Three things to help your people right now
We’ve never known anything like it. It’s scary; the numbers dead are – in the UK at the time of writing – climbing every day – and we’re worried about what this means for ourselves; our families and our work.
Still got a job and actively working i.e. not on furlough? You’re one of the lucky ones. Yet you probably question that when you wake up at 3, 4, 5am, catastrophising, heart thumping, shattered during the day and worried that your best just might not be good enough. You’re probably feeling guilty, because some colleagues have disappeared from Zoom/Teams/Webex calls.
On furlough? You might be struggling to create structure, activity and purpose to your day. Sleeping later and longer, the PJs staying on until they could walk around alone. I hope you’re getting a focus and some peace of mind.
Maybe you’ve lost your job, in which case I am profoundly sorry. It’s a hellish thing to happen and I really hope you get back to work soon.
Everyone in every business in the land has been affected. Just like Covid-19, none of us is immune.
What we do know is that we need to adapt, adapt, adapt. We’re moving online and meeting clients and delivering to them virtually.
Right now, and when we get back to some semblance of normality, we ignore the effects of this time, and the valuable lessons to be learned from it, at our peril. We need to focus on culture; communication and care. We’ve lost enough people, one way or another – we don’t need to lose any more because we neglect their feelings.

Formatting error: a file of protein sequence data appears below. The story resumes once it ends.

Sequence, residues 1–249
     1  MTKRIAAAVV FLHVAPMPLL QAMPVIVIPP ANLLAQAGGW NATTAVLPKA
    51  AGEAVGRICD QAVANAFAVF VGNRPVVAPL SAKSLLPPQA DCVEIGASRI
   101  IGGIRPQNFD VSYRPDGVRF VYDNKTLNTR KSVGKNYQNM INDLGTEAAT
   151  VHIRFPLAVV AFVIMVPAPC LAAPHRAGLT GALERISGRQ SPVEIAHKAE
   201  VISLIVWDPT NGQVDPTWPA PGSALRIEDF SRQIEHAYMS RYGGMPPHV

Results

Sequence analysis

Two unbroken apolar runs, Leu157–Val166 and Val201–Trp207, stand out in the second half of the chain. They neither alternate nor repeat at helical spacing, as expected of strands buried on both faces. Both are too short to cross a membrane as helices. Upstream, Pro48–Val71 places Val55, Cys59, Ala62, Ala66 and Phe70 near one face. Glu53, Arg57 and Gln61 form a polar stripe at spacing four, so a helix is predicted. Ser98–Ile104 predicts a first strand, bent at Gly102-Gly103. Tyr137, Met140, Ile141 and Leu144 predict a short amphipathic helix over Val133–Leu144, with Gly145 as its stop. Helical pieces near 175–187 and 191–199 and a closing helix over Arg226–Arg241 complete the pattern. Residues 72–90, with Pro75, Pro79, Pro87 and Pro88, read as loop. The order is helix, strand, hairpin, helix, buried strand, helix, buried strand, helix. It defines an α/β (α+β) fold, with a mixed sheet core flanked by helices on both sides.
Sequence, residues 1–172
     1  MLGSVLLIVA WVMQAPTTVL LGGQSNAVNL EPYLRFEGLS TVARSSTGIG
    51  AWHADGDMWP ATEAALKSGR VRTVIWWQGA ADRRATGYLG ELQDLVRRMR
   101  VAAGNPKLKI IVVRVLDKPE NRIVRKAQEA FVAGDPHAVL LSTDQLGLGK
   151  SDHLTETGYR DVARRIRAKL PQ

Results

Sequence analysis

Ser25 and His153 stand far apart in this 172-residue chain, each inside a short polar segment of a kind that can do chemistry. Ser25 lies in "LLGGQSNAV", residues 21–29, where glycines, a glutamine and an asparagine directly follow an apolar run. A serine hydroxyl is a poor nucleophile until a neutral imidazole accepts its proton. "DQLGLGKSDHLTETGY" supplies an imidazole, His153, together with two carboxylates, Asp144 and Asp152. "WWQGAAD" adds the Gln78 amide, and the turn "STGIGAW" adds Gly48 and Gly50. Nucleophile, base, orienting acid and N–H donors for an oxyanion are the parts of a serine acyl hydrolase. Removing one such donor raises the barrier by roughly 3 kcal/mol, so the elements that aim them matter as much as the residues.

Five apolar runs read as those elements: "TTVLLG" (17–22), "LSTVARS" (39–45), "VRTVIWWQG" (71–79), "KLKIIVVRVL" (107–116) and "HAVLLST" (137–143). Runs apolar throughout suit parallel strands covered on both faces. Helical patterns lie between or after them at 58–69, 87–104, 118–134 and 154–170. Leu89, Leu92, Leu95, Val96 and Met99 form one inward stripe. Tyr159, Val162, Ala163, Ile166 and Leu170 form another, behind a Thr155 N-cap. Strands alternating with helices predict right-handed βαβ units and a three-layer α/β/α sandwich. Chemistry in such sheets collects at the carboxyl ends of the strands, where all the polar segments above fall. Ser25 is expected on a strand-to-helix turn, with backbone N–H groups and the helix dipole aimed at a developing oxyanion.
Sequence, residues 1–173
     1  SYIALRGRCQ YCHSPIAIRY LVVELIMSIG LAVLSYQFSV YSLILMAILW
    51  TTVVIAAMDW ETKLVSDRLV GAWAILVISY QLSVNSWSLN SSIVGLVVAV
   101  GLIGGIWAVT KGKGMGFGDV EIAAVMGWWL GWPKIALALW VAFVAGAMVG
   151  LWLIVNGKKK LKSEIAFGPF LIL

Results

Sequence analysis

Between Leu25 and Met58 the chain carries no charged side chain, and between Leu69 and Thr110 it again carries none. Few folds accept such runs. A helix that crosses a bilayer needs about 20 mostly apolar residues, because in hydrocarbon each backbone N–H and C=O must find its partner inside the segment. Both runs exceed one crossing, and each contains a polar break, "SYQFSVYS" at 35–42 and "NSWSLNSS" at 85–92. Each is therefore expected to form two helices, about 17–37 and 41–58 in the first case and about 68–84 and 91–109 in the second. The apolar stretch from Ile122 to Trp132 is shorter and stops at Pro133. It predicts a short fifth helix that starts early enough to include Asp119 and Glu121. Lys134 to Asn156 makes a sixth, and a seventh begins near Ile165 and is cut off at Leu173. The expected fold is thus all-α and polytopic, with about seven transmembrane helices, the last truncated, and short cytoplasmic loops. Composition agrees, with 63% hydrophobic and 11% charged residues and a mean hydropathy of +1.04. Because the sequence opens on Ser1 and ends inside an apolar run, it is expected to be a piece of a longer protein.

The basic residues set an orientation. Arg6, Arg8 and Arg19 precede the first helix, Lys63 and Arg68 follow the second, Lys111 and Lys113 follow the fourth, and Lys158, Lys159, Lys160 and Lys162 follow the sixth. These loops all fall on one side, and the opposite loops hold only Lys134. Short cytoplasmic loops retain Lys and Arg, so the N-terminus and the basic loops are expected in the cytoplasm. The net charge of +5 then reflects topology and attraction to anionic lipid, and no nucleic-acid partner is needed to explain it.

Here are our top three things you can do to help your people right now:
- Pick up the phone; zip on the Zoom: don’t talk to people simply about what they’re doing - operational stuff is of course really important right now - but so is the human cost of this. Bring out the “F-word” – feelings. Ask – “How are you feeling?” or “What’s on your mind at the moment?”. Lots of people default to “Fine”*. Take a moment to dig deeper by saying “And what does ‘fine’ look or feel like for you?”. Do that one-to-one.
- Get your team together – again on Zoom, MS Teams or whatever you’re using – and use it as an opportunity to do some team-building. Put them into breakout rooms, give them something to discuss e.g. “What are you doing to manage your own wellbeing?” and then come back to share those and create a best-practice tip sheet. There’s a wealth of information on the web right now about how to manage your own wellbeing, but having people’s views who are close colleagues will be much more meaningful and increase the chances that people will actually do some of them (it’s called Social Proof).
- Share your vulnerabilities. This is not the time to be all gung-ho, all John Wayne, all super-hero, projecting invincibility and knocking through walls with your bare hands. This is the moment to say “Yes, this is a difficult time, and I’m worried about it too”. You don’t need to be wailing, pulling your hair and gnashing your teeth. You can say you’re worried in a calm way. Vulnerability creates intimacy, intimacy creates trust, and trust creates a team environment in which people will pull together even more, respect you even more, respect one another even more.
*FINE – the alternative definition - F*&^ked-up; Insecure; Neurotic; Emotional, has never been more apposite!